and the reason we never have and this is what’s critical is that it’s a lousy business so if you want to if you want to it’s a very fragmented business and I don’t think they don’t have the tolerance for it factions are razor thin if at all if they even exist and so so if you want a house lots of people you make a rectangular building and you make rectangular units and you pack them in tight like like starting like an apartment. That’s how you make money right like apartments like condos, you name it, single family house, You’re awful businesses. So what what made them possible well, ultra low interest rates, gave them a razor thin margin to make money and then they levered up. And now in a rising rate environment and I think we’re going to reach some threshold whereas the rates rise, there’s lower profit in it. Now, here’s what auto habit
Jason Hartman 30:14
But wait, you know, if they have the advantage that the traditional investor gets, which is pretty awesome, a three decade long fixed rate mortgage at an artificially low interest rate, arguably a negative interest rate below the rate of real inflation or or a bad par with it. They’re pretty good. Now, I don’t know enough about their financing at an institutional level. They don’t get those Fannie Mae loans. They’re probably much shorter than that
Dr David Collum 30:42
right. Now. That’s an excellent point. So then the question is, what are the odds of private equity guys threw it out 30 years? Yeah, I doubt it. I think they did some real short term ultra cheap stuff to do. That’s exactly like and so now you’re gonna have a liquidity problem because he’s got rolling over loans and they won’t be able to get them at the rates they need them. So what are they going to do? They’re going to liquidate real estate are going to see the Oh 809 glut finally show up as the rates rise will be some some threshold and then you got places like Palo Alto the median house is three millions if that’s beyond the absurdity
Jason Hartman 31:22
of Canada now crashing right, Canada is now Vancouver was the poster child for Nicholas appreciate, I mean, just beyond ridiculous, you know, two and a half million dollar tear down shacks in Vancouver. I mean, you can’t make this stuff up. And some of them are not turned out. I posted a picture on the soul for 2.6 million I think it was it was just a pile of sticks. It was unbelievable. And he got Australia apparently he’s giving out now I heard London’s giving out now. And so I think we’re starting to see a cascading failure because I think the banks around the world are all trying to title. You know, I think it relates to your stock market discussion earlier, you know, when we see these areas, these tech saturated areas, namely Silicon Valley, but of course there are many others around the world. Everybody wants to be the new Silicon Valley, right? You know, when we see these stocks finally get in line with real legitimate value, and other normal economic pressures and the share buybacks waning and so forth. I think those housing markets and those ultra high end tech oriented areas are really going to suffer. I mean, they’ve got to
Dr David Collum 32:33
my understanding is people are leaving Illinois for the first time ever, people are leaving San Francisco for the first time ever, that there’s
Jason Hartman 32:40
people been leaving California for quite a while rightfully so to you know,
Dr David Collum 32:45
and so I think they will equilibrate. I think we will regress to some mean, maybe it’s going to be more expensive than you know, I think in New York, but I think they’ll price correctly. I think it was Genentech. They said the only people can afford a house are the founders is like it’s just actually Crazy.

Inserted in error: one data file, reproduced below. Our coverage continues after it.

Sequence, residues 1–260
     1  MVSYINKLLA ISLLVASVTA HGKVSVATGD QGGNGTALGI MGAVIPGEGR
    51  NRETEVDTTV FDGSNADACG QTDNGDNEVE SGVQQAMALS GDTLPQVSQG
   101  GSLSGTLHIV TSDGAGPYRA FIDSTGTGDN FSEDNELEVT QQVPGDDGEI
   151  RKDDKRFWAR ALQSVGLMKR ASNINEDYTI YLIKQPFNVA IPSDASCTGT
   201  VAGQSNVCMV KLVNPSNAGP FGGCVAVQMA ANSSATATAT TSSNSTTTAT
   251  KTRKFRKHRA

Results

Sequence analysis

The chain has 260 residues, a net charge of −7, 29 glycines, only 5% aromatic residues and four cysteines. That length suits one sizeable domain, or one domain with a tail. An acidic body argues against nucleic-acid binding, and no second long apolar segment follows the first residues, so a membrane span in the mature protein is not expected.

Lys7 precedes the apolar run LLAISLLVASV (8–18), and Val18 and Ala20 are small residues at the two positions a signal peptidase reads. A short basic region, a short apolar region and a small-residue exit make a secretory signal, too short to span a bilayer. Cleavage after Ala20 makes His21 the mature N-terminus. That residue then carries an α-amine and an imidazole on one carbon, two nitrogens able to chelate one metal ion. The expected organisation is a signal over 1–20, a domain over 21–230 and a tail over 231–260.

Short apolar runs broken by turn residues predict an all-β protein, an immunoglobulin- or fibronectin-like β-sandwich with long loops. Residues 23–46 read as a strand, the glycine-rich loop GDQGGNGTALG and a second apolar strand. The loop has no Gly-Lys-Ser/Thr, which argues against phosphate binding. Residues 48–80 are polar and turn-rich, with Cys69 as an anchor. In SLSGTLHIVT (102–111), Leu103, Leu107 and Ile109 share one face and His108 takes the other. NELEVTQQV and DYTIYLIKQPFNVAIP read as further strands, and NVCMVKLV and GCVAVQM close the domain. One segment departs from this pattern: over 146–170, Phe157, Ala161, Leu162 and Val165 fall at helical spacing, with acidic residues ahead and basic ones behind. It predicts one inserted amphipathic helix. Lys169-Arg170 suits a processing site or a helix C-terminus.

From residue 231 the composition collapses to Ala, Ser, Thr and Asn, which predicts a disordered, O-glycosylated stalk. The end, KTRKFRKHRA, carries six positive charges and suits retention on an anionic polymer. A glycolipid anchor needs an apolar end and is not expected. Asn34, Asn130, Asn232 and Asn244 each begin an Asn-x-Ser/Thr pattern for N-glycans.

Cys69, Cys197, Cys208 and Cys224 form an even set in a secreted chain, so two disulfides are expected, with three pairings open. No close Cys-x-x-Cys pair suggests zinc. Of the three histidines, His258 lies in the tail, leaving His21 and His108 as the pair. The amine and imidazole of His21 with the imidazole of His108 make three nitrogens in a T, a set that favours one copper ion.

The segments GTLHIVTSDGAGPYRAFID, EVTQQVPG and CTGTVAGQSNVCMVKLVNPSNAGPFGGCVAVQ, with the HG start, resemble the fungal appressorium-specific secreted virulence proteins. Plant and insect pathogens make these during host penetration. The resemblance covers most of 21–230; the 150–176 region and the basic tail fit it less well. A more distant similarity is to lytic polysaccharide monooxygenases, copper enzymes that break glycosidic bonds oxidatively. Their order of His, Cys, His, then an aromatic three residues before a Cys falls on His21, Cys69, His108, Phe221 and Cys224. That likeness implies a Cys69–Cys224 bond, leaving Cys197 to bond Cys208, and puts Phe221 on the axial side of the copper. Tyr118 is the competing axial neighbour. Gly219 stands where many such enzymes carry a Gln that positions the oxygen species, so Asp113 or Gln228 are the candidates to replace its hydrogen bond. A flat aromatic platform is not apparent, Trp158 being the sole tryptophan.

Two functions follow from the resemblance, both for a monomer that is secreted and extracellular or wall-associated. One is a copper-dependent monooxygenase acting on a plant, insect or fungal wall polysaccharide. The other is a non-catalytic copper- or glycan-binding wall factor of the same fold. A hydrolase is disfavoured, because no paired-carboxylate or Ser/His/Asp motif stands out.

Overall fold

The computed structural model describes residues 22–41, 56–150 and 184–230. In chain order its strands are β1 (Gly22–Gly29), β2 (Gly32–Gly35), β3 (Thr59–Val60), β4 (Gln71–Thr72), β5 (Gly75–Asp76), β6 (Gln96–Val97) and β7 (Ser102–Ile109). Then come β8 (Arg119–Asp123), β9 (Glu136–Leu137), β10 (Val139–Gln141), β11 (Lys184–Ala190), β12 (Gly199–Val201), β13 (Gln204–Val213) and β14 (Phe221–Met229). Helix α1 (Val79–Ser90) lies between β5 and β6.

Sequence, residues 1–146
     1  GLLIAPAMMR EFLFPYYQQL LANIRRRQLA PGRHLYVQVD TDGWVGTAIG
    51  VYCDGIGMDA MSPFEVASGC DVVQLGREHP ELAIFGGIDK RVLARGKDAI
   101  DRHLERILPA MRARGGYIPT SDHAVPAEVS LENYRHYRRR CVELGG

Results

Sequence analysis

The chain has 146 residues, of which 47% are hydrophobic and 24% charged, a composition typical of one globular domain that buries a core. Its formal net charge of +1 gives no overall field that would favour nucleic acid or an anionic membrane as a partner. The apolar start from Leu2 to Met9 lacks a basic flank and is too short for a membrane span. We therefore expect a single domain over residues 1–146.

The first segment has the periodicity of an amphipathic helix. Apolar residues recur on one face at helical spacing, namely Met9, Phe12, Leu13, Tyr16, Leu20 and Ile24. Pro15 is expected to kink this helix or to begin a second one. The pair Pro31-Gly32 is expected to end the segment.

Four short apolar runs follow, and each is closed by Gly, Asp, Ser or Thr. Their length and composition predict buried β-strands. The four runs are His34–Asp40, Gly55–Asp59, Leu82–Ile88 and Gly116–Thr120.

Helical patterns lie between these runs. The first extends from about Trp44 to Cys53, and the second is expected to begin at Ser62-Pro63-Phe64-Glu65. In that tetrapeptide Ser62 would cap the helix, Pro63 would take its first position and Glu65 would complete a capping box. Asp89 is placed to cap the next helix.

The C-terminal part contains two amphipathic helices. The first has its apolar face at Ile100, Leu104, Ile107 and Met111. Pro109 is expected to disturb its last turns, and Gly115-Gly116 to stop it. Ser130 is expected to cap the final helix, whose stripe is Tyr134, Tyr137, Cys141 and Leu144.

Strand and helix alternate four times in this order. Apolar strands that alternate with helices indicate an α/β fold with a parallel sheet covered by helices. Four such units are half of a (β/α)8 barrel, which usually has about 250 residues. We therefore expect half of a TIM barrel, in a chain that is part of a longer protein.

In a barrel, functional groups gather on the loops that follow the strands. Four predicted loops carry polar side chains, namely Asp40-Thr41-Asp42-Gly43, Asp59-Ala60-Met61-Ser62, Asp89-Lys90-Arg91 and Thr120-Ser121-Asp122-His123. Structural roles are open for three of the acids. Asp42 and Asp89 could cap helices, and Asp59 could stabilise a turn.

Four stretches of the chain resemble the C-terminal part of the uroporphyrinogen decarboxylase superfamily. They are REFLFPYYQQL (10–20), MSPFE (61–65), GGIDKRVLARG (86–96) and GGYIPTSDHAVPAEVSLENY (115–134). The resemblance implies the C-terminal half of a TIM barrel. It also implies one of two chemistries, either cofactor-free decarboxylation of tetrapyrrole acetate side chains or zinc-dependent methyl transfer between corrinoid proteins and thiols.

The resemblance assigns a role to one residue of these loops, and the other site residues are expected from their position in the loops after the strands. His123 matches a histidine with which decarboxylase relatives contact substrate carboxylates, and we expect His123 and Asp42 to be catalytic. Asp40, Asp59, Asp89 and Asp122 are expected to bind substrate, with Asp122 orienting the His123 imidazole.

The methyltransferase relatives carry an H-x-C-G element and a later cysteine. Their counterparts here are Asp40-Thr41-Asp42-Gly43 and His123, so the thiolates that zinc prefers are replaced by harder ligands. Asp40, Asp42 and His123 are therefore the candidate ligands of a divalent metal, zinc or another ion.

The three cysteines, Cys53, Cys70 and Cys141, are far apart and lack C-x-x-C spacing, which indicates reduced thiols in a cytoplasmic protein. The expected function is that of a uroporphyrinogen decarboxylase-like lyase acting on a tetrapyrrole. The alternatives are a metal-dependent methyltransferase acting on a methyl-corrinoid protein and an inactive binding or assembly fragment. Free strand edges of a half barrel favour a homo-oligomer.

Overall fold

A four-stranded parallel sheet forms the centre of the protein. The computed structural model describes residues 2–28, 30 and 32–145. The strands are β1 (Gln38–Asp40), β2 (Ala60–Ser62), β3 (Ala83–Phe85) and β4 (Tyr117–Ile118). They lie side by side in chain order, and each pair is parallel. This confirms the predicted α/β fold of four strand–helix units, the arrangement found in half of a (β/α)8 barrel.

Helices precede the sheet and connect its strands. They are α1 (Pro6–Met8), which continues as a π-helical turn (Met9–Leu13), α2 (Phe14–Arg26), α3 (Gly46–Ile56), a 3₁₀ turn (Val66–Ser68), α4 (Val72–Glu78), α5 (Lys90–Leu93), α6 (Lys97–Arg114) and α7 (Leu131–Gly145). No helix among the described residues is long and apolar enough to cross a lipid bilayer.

Jason Hartman 33:00
It is. Any thoughts about what’s to come? desktop your crystal ball there?
Dr David Collum 33:05
Yeah, I think we started the downturn. I fought this several times, but it’s been a monotonic March upward since oh nine one that I, you know, in all the other bubbles. I think we’re in a massive bubble all the other bubbles we ever had there was a great storyline. So whether it’s 29 and we just invented all sorts of appliances and, and cars and planes, or whether it was even the the tech bubble where there was this new era of digital connectedness and, and they always had a great story and the current story is central banks are back. So it’s a fanatic story. Yeah, it’s a monstrous bubble. I think it’s gonna unwind if it doesn’t know why now online later, but I think it’s
Jason Hartman 33:46
going to unwind with though is it going to be the stock market? It’s not going to be real estate this time. I mean, there’s no subprime crisis and I mean, unless we just can’t see it. The banks have been very conservative
Dr David Collum 33:57
housing having some serious leverage in it now, right? So So here’s what how it’s going to take place in the worst case scenario. And the guy here you might want to have on this guy named Chris Cole from Artemis capital, he wrote about the Vics collapse, which is kind of arcane for a lot of people, but it’s an entire market. That’s the volatility index. But
Jason Hartman 34:16
why? Why do you think just unpack that a minute.
Dr David Collum 34:19
So the mix collapse was where people were betting on an arcane measure called volatility. It’s much more than it sounds. Yeah. And he had written about it and talked about it about five days before it collapsed. Now people say what do you mean it collapse? Well, this is a multi billion dollar market that literally went from existing to not existing in 15 minutes, this collapse like a house of cards, and in 15 minutes, they were vaporizing, liquidating entire investment vehicles by more people lost a fortune right? I mean, they were gone. He says that was not it. He says that was not the big one. Those were the what he calls the explicit volatility baths and on top of that, volatility bets like company share buybacks where you’re betting the markets not going to punish you risk parity bond funds where you’re betting that the bond markets aren’t going to kill you. So the Black Swan that people somehow don’t believe can happen, I think is when the bond market and the stock market collapse together. Now, last time, and oh, no nine while your stocks made you suffer your bond saved your bacon. So if you’re 6040, you didn’t get crushed as much as you remember. Why does the Why does the bond market